Political scientists want to do three or five things: that concern mathematics. That statement is written in order to illustrate the often fuzzy, variable and incredibly complex issues of dealing with massive numbers of diverse people.
Political scientists might need to forecast the probability that people will behave a certain way, or to generalize from small samples to the larger population with some accuracy. Political scientists need to gauge the opinions, reactions or feelings of people with some accuracy and to predict budgetary, legal and social program outcomes before money and work is invested.
Additionally, political scientists must keep track of the statistics and demographics of the population as it moves, changes, develops needs and desires, becomes ill or healthy, grows, declines and engages in activity that might be minor on an individual level, but huge when aggregated to national or international levels.
Political scientists are dependent upon monitoring, polling and surveying in order to gauge the will of the people or to evaluate the effectiveness of their campaigns, programs, ideas and attempts at social engineering. These surveys must be properly designed with effective quantification of factors and correct implementation to eliminate or disguise bias, depending on the motives of the scientist. Others need to examine the evidence and to find out how the bias was disguised and to return to the facts of the matters.
Since surveys of every last individual cannot be done on a constant basis, there is a lot of math involved with generalizing from smaller samples, using various calculations, tests for validity and error, algorithms and modeling technologies.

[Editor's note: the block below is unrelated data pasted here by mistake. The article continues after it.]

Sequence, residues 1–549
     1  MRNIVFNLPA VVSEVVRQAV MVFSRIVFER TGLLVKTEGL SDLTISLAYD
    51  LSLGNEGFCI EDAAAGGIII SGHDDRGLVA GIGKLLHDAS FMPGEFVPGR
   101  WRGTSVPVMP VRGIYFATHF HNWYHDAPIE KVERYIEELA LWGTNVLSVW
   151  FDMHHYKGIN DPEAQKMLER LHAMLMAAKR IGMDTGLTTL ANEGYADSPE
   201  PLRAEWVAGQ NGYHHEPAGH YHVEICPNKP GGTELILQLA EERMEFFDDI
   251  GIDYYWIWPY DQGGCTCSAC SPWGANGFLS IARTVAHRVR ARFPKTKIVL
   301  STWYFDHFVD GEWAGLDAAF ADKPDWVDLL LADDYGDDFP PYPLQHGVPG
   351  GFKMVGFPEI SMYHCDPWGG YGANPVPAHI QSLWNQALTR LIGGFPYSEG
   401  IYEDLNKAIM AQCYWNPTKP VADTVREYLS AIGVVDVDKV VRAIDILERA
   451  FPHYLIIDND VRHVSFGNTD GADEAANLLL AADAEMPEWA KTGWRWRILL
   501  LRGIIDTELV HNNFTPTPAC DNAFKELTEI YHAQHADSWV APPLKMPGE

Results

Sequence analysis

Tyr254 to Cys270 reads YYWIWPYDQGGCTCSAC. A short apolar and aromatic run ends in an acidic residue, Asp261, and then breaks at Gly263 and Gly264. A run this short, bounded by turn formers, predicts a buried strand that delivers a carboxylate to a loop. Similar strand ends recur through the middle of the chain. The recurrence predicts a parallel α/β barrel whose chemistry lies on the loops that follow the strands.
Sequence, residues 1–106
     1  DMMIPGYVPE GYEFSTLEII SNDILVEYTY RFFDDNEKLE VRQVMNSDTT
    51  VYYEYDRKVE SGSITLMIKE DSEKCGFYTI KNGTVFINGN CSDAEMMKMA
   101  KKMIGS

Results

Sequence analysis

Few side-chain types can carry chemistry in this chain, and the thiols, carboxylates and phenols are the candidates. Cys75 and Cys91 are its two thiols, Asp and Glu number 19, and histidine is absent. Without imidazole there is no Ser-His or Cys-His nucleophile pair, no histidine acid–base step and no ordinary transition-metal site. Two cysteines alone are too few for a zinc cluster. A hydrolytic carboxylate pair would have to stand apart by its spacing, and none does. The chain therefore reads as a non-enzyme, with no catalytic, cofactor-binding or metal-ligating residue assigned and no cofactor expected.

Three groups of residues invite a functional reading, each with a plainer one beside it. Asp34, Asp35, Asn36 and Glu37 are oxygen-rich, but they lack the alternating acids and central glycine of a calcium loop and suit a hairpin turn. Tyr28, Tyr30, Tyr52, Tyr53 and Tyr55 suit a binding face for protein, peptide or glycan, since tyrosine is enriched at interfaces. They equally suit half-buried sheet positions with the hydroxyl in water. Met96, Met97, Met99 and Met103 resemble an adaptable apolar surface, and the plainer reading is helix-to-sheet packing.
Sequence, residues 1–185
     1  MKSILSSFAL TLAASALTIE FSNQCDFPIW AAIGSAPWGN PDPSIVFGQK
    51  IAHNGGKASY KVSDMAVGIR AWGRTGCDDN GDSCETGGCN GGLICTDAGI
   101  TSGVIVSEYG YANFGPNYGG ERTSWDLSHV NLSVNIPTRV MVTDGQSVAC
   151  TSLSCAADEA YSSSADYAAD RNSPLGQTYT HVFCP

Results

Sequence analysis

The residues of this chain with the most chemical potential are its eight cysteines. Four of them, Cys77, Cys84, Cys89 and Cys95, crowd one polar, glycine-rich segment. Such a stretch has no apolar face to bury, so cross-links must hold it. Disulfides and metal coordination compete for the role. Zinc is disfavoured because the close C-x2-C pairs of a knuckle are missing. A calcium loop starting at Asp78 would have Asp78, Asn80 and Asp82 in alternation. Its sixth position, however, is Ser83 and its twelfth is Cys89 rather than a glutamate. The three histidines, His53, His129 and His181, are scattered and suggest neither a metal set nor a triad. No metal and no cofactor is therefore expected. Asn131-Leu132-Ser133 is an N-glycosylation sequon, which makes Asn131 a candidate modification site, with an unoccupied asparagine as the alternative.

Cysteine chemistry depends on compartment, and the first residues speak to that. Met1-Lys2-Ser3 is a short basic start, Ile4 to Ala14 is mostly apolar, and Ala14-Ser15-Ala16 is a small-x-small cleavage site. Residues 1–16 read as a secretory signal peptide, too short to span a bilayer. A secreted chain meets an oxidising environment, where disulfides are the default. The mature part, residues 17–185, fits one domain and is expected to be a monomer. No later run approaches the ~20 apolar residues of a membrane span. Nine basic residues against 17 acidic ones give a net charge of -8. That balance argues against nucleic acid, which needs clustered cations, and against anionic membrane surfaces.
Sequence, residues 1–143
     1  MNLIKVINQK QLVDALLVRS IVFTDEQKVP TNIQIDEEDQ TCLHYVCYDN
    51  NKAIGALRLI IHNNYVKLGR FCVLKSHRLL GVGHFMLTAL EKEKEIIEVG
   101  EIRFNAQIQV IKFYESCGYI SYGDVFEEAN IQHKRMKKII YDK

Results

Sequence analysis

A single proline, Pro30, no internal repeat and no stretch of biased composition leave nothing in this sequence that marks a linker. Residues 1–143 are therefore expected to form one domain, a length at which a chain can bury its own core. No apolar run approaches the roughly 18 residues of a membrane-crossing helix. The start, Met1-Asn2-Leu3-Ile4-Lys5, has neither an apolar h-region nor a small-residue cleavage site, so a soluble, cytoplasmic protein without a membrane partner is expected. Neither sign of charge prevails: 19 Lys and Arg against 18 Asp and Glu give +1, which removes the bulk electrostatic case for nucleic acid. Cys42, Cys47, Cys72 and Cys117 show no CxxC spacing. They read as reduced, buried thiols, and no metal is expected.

Political scientists are dependent on pre and post program studies and surveys in order to determine whether a new law, program or endeavor is working or not. This, when aggregated to national levels, will involve mathematical models, testing for error, surveying, large database management and complex models and algorithms.
Even the computer science and database management aspects fall under the category of mathematics. Large database management requires massive computer firepower, solid analytical tools and good design in order to extract reliable results that political scientists can rely upon when massive amounts of money and effort go into national and international programs hat affect millions of people.
The mathematics of the field of economics and all of its subfields are important to political scientists as they attempt to prove that one economic social or political position is superior to another, or is even viable. When aggregating information so that it applies to the world or to nations, the complexity of applying theory to the real world becomes quite mathematically complex, indeed.
The mathematics of the environment, nutrition, medicine, weather and a host of scientific understandings go into political science of feeding, moving, housing, fighting, treating the illnesses of and everything else involved with human activity in relation to nature. Disaster planning alone, involves the application of mathematical concepts to a huge array of economic, social and political factors.
Virtually every major political science topic involves some form of mathematics, from the math required to manage vast and complex budgets to the math required to forecast what it is that will be required a decade from now to maintain sound social systems and environments. For political scientists the crunching of numbers will never end.